|The North Island Kōura Paranephrops planifrons|
There are two species of freshwater crayfish or Kōura in New Zealand. The North Island species, Paranephrops planifrons has been found in the Gordonton section of the Mangaiti stream. While kōura can often be found in native, exotic and some pastoral watercourses, they are generally rare in Hamilton city streams as they are quite sensitive to urban runoff. In addition to water quality, the presence of instream structural cover (logs, undercut banks, tree roots) is crucial for supporting the presence of kōura. Cover provides shelter from aquatic and terrestrial predators and helps to trap leaves and other detritus that koura feed on. While eels are a natural predator, if there is plenty of thick cover and undercut banks they can co-exist. The trend tends to be that the higher you go upstream and the smaller the watercourse gets, and the harder it is for fish to get to, the more kōura you find. Streams like this also tend to have lots of leaf matter and small stable pools for the kōura to eat and reproduce. In some streams where formidable waterfalls with big overhangs prevent fish access, kōura can be very abundant. Under such situations, kōura can often be observed out in the open in the middle of the day, grazing happily away on litter on the bottom stream pools, with no fish to influence their behaviour. In streams that have fish, they tend to stay much closer to cover and to only venture out into the open to feed under the cover of darkness. They have been seen grazing on algae etc on bedrock sheets out of the water, but where they can be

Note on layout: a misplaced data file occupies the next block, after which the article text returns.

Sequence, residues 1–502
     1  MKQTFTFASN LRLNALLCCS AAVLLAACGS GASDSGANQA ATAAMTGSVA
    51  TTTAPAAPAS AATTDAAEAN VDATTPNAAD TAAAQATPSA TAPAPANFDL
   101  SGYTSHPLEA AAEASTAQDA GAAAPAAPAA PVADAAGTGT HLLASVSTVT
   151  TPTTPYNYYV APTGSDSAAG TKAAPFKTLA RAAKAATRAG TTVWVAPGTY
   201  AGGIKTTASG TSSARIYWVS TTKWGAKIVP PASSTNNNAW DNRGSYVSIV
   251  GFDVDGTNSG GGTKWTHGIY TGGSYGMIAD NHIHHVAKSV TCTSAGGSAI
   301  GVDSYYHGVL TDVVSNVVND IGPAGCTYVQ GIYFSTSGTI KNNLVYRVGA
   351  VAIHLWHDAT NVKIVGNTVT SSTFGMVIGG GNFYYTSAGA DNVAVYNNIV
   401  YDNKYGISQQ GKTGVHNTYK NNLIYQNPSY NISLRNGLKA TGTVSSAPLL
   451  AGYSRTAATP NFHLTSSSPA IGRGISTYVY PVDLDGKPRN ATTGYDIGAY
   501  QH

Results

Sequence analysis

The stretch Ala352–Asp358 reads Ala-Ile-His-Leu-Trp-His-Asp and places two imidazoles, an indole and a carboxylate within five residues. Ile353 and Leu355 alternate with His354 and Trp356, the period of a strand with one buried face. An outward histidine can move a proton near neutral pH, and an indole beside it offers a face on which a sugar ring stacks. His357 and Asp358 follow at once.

Koura in the Mangaiti stream.